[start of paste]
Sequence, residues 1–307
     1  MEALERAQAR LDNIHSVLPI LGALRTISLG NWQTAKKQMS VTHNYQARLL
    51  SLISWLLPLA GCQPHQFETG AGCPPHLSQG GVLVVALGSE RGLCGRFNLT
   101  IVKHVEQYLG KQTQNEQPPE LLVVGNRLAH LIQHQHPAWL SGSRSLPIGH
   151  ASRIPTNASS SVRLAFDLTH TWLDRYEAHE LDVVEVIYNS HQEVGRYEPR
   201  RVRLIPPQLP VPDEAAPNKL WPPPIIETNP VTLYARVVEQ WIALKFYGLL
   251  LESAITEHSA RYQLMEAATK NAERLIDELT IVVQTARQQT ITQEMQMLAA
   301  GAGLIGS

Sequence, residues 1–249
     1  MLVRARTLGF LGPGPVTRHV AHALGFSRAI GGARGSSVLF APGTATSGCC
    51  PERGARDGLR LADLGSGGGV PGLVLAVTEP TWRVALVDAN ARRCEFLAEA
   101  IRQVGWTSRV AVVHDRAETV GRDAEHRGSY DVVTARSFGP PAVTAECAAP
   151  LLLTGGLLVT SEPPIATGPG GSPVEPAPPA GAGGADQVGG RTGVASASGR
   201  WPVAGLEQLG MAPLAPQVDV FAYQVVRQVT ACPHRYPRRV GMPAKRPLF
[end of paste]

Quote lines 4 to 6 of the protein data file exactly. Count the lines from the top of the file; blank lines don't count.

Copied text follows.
   101  IVKHVEQYLG KQTQNEQPPE LLVVGNRLAH LIQHQHPAWL SGSRSLPIGH
   151  ASRIPTNASS SVRLAFDLTH TWLDRYEAHE LDVVEVIYNS HQEVGRYEPR
   201  RVRLIPPQLP VPDEAAPNKL WPPPIIETNP VTLYARVVEQ WIALKFYGLL